The Washington Post:

Obama announces plan that could save home buyers hundreds of dollars a year

 By Dina ElBoghdady January 7, 2015 at 12:17 PM  
The White House announced Wednesday that the Federal Housing Administration will significantly lower the fees it charges borrowers, a move that could save home buyers hundreds of dollars annually and help jump-start the housing market.

The “annual premiums” on FHA loans, an especially popular source of financing for first-time home buyers, have increased five times since 2010. They jumped from .55 percent of a loan’s value to 1.35 percent today. Those fees, which are tacked onto the monthly mortgage payment, will drop to .85 percent at the end of the month.  The White House projects that more than 800,000 borrowers will take advantage of these lower premiums in the first year, and that new FHA borrowers will save an average of $900 annually.

President Obama plans to outline this plan Thursday when he delivers a speech in Phoenix about the housing market, which has been struggling to fully recover in part because mortgage costs are high and access to credit remains tight for many Americans.

Obama will also call on the agency to “cut red tape and clarify lending standards” in order to entice banks to extend mortgages to a broader pool of borrowers, the White House said in a statement. Since the housing bust, lenders have been turning away buyers by demanding unusually high credit scores on government-backed loans — exceeding even the government’s own criteria — in a bid to insulate themselves from financial penalties. The White House has been alarmed by the reluctance to lend, and it’s pushing FHA to address the industry’s concerns.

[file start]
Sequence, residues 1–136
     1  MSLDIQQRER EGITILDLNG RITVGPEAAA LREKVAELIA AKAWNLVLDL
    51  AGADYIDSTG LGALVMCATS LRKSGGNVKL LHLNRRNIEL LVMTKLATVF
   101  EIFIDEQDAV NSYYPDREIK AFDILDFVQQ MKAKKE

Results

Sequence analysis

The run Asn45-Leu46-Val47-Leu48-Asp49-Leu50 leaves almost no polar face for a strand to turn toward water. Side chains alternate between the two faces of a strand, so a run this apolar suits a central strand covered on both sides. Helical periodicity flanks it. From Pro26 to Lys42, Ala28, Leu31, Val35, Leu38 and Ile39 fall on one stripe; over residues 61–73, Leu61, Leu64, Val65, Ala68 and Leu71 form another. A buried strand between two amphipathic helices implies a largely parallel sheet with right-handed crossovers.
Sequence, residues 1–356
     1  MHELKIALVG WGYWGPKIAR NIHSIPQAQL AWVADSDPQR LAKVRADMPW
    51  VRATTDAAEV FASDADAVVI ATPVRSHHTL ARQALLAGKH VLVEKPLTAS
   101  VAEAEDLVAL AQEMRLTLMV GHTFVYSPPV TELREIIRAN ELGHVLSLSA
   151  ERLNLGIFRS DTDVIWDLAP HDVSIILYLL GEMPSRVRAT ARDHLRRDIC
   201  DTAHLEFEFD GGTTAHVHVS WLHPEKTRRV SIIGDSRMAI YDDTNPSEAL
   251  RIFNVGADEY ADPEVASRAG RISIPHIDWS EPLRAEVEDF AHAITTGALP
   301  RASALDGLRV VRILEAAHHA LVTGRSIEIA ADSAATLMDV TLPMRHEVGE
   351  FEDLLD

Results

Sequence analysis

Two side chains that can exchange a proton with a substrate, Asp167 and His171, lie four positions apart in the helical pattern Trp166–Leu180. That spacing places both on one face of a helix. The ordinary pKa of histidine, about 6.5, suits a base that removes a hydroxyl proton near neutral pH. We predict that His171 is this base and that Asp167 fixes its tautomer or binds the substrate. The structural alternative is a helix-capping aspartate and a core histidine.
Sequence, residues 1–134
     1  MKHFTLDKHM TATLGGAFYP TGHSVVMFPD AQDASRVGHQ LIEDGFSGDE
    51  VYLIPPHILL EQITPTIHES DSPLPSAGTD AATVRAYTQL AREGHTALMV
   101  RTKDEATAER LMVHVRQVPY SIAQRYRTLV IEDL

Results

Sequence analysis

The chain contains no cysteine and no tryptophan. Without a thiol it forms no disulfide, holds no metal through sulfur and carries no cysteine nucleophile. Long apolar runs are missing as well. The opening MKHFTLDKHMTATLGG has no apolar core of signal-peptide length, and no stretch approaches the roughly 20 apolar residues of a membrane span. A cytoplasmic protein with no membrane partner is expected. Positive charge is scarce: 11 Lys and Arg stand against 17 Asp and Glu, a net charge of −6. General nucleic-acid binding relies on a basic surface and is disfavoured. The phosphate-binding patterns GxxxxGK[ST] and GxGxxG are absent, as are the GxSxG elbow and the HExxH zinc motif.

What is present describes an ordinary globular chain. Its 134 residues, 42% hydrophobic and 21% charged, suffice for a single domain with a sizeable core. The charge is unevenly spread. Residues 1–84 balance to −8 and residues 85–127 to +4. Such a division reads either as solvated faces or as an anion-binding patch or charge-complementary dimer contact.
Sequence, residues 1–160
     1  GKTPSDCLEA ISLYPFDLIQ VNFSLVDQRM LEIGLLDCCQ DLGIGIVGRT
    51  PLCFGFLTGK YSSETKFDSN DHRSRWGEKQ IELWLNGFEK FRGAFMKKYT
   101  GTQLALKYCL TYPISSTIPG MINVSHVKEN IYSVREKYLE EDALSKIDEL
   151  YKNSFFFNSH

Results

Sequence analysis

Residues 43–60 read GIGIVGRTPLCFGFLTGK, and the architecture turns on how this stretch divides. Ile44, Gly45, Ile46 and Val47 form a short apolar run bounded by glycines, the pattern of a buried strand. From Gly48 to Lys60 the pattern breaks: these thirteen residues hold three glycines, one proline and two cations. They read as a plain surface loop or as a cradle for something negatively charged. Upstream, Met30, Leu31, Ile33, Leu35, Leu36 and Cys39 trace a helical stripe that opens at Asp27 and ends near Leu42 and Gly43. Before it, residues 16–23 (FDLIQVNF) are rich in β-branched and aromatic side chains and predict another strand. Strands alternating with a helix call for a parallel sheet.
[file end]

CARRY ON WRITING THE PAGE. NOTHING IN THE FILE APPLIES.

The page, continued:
The FHA fees issue has been debated internally within the administration for days as pressure to reduce the fees kept building. Real estate industry groups – including the Mortgage Bankers Association and the National Association of Realtors – as well as a number of housing advocacy groups have urged the FHA to consider cutting the fees. They say the surge has shut out a sizeable chunk of potential buyers.  The economy heavily relies on the housing sector for growth.

“It’s extremely good news for housing, the economy and could not be better timed for the spring market,” said David H. Stevens, the MBA’s chief executive. “This could ultimately be fundamental to a much stronger U.S. economy in 2015.”

The fee increases translated into big bucks for buyers. For instance, a borrower who took out a $200,000 loan paid an annual premium of $91.66 per month before 2010. Now, a borrower who gets a loan of that size pays $225 per month in premiums – a 145 percent increase. Once the lower fees are in place, the monthly payment would drop by $83.

“This is really meaningful for home buyers,” said Brian Chappelle, a banking consultant and former FHA official.  “This is the best news for first-time home buyers in years, and it’s a real shot in the arm for the housing market.”

FHA does not make loans. It insures lenders against losses should the loans go bad, and it uses borrower fees to cover those losses. But in 2013, the agency’s cash reserves fell so low that it had to turn to taxpayers for help for the first time in its 80-year history. It drew $1.7 billion from the Treasury.

FHA’s finances took a hit after the housing bust, when many borrowers flocked to the agency for financing because credit was tight elsewhere. The agency’s loan volume soared, but so did its mortgage defaults. The losses eroded the agency’s cash cushion to a level below what is required by law, and it kept raising the fees it charges borrowers as it tried to beef up its cash reserves.

But its finances have improved. The agency recently announced that its reserves are back in the black for the first time in two years, and an independent audit of the agency’s finances predicts that the agency will reach the level required by law by 2016.


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